We find a positive correlation between the number of dead trees and the number of trees in a quadrat (electronic supplementary material, figure C1; *r* = 0.62), which suggests that mortality can be described in first approximation by a constant *per capita* rate. Consequently, we find that model R2 + M1 with a constant *per capita* mortality rate *m* approximates the distribution in the number of dead trees per quadrat fairly well (figure 2*g*).

However, model R2 + M1 produced too high a correlation between the observed numbers of trees and dead trees per quadrat (electronic supplementary material, figure C6*c*), suggesting that the spatial variability in local mortality cannot be ignored. Indeed, mortality submodel M2 that determines *m _{q}* by random draws from the observed distribution

*p*

_{mort}(

*m*) improved the (already reasonable) results when combined with recruitment submodel R2 (cf. figure 2

*g*and figure 2

*k*), and also produced a good match of the correlation between the observed numbers of trees and dead trees per quadrat (figure C6

*b*). However, model R2 + M2 does not improve the prediction of the distribution of the number of trees and species in quadrats (figure 2

*e,f*versus

*i,j*) and the correlations between Δ

*N*and

*N*

_{0}and Δ

*S*and

*S*

_{0}(electronic supplementary material, figure C4) when compared with model R2 + M1.

The spatial and temporal variability in local mortality rates was substantially smaller than that of the number of recruits (electronic supplementary material, figure C5*a–d*). We also found that the spatial variability was very similar to the corresponding temporal variability in mortality (electronic supplementary material, figure C5*c,d*).

### (d) The density dependence hypothesis

The observed correlation between the local number of trees and the local number of recruits was low (electronic supplementary material, figure C1), and maintaining the observed covariation between number of trees and number of recruits in a quadrat (i.e. recruitment submodel R3) did not lead to any improvements with respect to submodel R2 (electronic supplementary material, figure C2). Similarly, the correlation between the *per capita* mortality rate and the number of trees in a quadrat was low (electronic supplementary material, figure C1; *r* = 0.16). Thus, density dependence of demographic rates at the community level (without regard to species) had no influence on the emergence of our focal patterns.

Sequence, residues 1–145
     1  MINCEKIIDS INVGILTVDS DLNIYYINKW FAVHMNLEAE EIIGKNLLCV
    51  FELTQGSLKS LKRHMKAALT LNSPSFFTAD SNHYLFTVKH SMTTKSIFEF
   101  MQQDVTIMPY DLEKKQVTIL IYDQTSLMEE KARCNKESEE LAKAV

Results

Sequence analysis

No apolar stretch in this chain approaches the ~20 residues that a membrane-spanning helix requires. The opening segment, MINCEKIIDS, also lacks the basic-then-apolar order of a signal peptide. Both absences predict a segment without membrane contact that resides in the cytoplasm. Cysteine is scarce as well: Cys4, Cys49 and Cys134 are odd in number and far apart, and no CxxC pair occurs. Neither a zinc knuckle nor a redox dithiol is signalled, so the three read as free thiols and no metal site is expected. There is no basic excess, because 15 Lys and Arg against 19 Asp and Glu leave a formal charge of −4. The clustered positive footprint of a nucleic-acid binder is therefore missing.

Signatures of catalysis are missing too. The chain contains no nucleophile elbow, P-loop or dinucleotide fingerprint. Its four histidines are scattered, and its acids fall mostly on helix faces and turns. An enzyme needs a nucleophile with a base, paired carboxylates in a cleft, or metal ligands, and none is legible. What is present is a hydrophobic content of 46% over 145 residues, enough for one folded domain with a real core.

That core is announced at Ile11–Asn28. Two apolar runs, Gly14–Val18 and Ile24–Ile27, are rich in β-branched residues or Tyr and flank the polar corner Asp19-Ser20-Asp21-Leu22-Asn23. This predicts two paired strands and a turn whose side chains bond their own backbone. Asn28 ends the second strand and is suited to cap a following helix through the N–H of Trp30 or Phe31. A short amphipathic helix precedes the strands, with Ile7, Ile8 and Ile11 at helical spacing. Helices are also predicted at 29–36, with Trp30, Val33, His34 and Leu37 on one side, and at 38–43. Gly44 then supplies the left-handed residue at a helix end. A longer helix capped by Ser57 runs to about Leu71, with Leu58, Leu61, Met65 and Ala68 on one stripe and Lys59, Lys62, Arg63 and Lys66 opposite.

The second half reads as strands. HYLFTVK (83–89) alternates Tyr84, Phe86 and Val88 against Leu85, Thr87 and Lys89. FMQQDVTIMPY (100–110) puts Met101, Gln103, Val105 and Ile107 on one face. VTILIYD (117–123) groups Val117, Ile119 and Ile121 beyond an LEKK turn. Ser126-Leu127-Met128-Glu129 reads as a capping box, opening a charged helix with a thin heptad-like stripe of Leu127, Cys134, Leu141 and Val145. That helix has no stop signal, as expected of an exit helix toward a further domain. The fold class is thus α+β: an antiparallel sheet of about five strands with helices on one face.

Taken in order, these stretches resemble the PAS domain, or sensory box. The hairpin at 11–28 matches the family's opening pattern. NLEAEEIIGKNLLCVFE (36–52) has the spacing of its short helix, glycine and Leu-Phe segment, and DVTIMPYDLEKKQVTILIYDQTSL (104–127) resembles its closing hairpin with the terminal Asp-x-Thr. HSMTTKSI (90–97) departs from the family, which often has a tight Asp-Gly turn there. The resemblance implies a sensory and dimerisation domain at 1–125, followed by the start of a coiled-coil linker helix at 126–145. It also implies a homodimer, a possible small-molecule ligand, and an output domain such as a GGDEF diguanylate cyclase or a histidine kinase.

### (e) Results with different quadrat sizes

We repeated all simulation analyses with quadrat sizes of 10 × 10 m^{2} and 50 × 50 m^{2} (see electronic supplementary material, figures C7 and C8) and found that all main findings are robust to these changes. There was only a slight change of the optimal dispersal distance that is needed to predict the variation in local species richness (between 10 m and 20 m for 10 × 10 m^{2} and approx. 40 m for 50 × 50 m^{2} quadrats). Our findings with respect to the recruitment and mortality submodels were not affected by quadrat size.

## 6. Discussion

In this study, we provide insights into the mechanisms that drive the spatial and temporal variation of local tree density and species richness in a neo-tropical forest. For this purpose, we tested a number of biological hypotheses by using dynamic models that are built around the local spatial variation of mortality and recruitment (extracted from the census data by using 1250 non-overlapping 20 × 20 m^{2} quadrats). We then asked which of the hypotheses (i.e. model versions) are able to generate the observed spatial and temporal variation of local tree numbers, species richness and other spatio-temporal patterns extracted from the data.

### (a) Biological hypotheses

We find that our two main patterns, the variation in local tree numbers and species richness, do not emerge solely as a consequence of stochastic birth and dead processes and dispersal limitation as assumed by our simple reference model R1 + M1 (the demographic stochasticity hypothesis). Thus, additional processes not included in classical neutral theory are operating at the BCI forest in generating these patterns. We identified a large spatio-temporal variability in the local number of recruits (that operated independently on local tree density) as the main missing mechanism to reproduce our main patterns, whereas variability in local *per capita* mortality rates contributed to a lesser extent.